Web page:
The art of automated email campaigns

September 9 2019

Do you send automated emails so they sound personalised? If you want my opinion, don't do it. It's almost always inaccurate unless you have the most meticulous record-keeping skills and a seriously nerdy marketing person who doesn't ever slip up. And if you do keep perfect records, it is far better to write an individual email to the person you are trying to reach. Spend time being authentic and thinking about who you are trying to sell to - instead of blanket emailing everyone with the same message in a robotic, bland way.

This morning I have had 2 emails that purport to be personalised and written just for me. On both counts they didn't just fail, they actually annoyed me.

The first was from my accountants' new system that had already told me to send my information in so they can make a start on my year-end accounts. Today's email told me I had missed my allocated time in their scheduling and so I need to call and re-arrange it. Well, I'd like to know what information they need (yes, I need a reminder after 30 years, especially as half of it is online and half isn't) and I'd like to know that I had a time allocated instead of telling me off for missing it! How much better would it have been to have a brief email asking about my holiday, kids, dog (anything, they know me well enough) and listing what I need to supply and by which date. Even part of it could have a standard email, topped and tailed to make it about me and my business. Instead I have been told off by a faceless computer system first thing on a rainy Monday morning. Horrible.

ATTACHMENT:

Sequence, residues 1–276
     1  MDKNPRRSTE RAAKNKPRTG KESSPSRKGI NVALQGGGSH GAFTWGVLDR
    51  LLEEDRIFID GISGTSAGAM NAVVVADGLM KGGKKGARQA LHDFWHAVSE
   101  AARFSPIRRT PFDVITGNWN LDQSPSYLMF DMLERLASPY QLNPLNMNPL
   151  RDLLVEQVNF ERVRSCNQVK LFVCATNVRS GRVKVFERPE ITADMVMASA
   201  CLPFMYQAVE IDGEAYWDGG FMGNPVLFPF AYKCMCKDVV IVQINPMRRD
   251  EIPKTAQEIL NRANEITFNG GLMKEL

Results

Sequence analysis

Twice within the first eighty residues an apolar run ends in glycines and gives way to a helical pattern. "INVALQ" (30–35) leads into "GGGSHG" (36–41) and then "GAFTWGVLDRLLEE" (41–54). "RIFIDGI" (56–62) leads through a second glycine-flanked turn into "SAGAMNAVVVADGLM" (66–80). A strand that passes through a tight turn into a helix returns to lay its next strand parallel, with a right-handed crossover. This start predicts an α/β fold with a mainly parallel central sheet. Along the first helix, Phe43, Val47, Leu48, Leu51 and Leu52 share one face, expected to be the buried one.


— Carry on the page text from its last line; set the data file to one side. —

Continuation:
The second one was from a charity that is closely aligned with a homeless support group I run. It thanked us (3% of the email) for our donation of 'soup and rolls' (incorrect) and proceeded to tell me about the good work they have been doing this year (97%). A better approach would have been to have an email to thank our group for our support and maybe ask how we can help each other, ask what plans we have in this area going forward, see how we can combine our efforts? We have a healthy relationship which I feel has been a little eroded by an inept, pointless email that actually devalues the many food donations we have made and the inroads we continue to make within our shared community.

The point of today's blog, the first in a long time, is to say that automated, ill thought out, blanket emails usually don't engage the reader and can have the opposite effect. They smack to me of being self-serving and don't have the recipient in mind.

If you are selling via email to a huge audience, that's fine, be blatant. Sell your socks off. Just don't try and make it sound sincere. We're too British for that!

The art of automated, personalised email campaigns? There isn't one!


This entry was posted on September 9, 2019

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